Tracking in radar surveillance systems
MetadataShow full item record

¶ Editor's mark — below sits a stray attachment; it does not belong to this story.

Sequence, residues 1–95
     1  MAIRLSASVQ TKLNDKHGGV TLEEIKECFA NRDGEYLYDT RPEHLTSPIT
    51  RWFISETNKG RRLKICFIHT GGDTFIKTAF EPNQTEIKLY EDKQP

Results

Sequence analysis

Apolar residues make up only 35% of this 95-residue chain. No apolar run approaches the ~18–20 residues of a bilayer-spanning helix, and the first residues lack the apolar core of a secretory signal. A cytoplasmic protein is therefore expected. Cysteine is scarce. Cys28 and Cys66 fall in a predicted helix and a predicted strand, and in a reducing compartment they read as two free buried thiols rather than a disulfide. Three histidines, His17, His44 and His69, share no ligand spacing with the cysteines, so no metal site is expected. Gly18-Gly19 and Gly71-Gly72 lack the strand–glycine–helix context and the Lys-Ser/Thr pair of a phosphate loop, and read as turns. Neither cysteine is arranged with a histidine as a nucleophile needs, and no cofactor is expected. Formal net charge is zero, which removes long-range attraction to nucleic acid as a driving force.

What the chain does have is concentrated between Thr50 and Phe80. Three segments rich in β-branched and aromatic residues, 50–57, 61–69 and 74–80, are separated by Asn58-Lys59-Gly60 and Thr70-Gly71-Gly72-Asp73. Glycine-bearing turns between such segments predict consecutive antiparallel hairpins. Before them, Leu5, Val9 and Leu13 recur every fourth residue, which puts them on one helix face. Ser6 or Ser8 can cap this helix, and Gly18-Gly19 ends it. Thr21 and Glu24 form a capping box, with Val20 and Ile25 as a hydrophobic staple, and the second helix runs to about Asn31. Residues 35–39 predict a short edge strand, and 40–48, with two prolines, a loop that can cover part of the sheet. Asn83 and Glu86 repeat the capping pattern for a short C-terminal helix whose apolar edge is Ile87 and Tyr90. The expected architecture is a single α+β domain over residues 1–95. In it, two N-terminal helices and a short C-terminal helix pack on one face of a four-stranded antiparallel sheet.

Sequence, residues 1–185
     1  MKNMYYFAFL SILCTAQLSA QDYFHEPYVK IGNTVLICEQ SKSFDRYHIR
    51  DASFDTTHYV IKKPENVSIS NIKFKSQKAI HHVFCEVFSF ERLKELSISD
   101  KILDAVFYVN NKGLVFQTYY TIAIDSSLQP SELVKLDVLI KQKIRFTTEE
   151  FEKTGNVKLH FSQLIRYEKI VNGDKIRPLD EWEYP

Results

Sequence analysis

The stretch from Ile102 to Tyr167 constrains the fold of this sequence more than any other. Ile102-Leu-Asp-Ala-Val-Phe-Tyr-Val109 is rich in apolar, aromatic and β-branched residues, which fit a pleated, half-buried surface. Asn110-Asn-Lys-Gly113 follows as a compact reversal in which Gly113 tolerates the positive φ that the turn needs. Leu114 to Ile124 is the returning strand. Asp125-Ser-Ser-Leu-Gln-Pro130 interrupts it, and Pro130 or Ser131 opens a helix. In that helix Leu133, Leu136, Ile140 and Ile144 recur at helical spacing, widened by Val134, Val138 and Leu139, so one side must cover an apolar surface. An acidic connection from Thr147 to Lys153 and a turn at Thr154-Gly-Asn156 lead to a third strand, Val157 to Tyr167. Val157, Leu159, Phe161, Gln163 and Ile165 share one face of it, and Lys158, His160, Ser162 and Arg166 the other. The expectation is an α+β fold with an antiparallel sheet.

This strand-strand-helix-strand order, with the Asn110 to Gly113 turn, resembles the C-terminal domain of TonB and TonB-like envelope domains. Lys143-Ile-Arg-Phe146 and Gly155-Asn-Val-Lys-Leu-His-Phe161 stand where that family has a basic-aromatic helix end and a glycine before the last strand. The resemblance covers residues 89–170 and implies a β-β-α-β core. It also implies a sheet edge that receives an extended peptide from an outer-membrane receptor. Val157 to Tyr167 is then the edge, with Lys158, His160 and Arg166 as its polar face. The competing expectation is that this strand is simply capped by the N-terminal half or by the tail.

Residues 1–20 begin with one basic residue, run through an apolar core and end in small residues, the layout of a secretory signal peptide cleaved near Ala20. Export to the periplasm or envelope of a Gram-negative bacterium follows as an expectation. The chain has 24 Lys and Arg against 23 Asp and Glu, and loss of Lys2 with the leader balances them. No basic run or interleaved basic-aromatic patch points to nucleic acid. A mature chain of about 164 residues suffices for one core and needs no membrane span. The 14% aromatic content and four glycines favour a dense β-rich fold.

The first part of this thesis focuses on the detection part of a radar surveillance system, and specifically derive methods for estimating the clutter density in a CFAR system from scan to scan, by making some basic assumptions on the system configuration. It is shown how the gain in applying a Bayesian estimator depend on the system configuration, and the gain is analyzed for some well known CFAR configurations. As an intermediate result, the variance of the clutter density for some CFAR configurations is derived. It is indicated how the derived variance may be a useful tool in the analysis of CFAR systems. Empirical Bayesian estimation is introduced as a way to apply optimal Bayesian estimation even though the prior density of the estimated random variable is unknown. Empirical Bayesian estimators in general use past data to estimate the prior density of the current random variable. A linear empirical Bayesian (LEB) estimator is applied to estimate the clutter density in the CFAR case, and it is shown that the LEB estimators converge to the corresponding linear Bayesian estimators as the set of past data gets large. The LEB estimators use the sample mean and variance of past measurements as inputs to estimate the current realization of the estimated random variable, or estimatee. The second part of this thesis is related to modeling of the errors in surveillance radar position measurements, and developing estimation filters that incorporate the models into tracking systems in an optimal manner. Monte Carlo simulations using simplified rectangular target models and simplified models of the components in radar surveillance systems are used to generate large data sets of simulated measurements. The parameters of the proposed measurement error models are then estimated from the data sets, using maximum likelihood estimation methods. It is shown that there may be a correlation between the aspect angle of the target and position measurement errors when the target is extended relative to the resolution of the system. In tracking systems it is commonly assumed that no such correlation exists and that the measurement errors in range and bearing are independent. In this thesis, two new measurement models are proposed. One proposed model assumes that the measurement noise is independent of the bearing angle, but dependent on the aspect angle. A second proposed model incorporates dependencies on both aspect angle and bearing angle in the measurement equation. Several state dependent measurement equations are also proposed to model biases that in some applications may be present in surveillance radar measurements. A discussion is given on how the standard Kalman filter fails to provide optimal estimates in cases where the measurement noise is dependent on the state vector of the target, and best linear unbiased estimation (BLUE) filters are hence derived in order to apply optimal filtering in this case. It is shown how higher order unscented transforms may be used to approximate the terms of the recursive BLUE filter, and that a third order unscented transform fails to provide sufficient accuracy. Some simulation results show how the BLUE filters in some cases has better root mean square error (RMSE) performance than suboptimal Kalman filters that use the standard measurement models. Simulations using simulated radar measurements also show that the proposed new model that includes dependency on both bearing and aspect angle has the best performance at all ranges, while the model assuming uncorrelated noise in range and bearing is good at long range where the target becomes a point target. A tool developed to generate trajectories consisting of random sequences of maneuvers is used in the simulations to generate a large number of random trajectories. This tool proves to be useful when analyzing the performance of the tracking filters, as it introduces the opportunity to analyze estimation filter performance as a function of a number of different kinematic parameters on trajectories that have dynamics that are realistic for the considered application.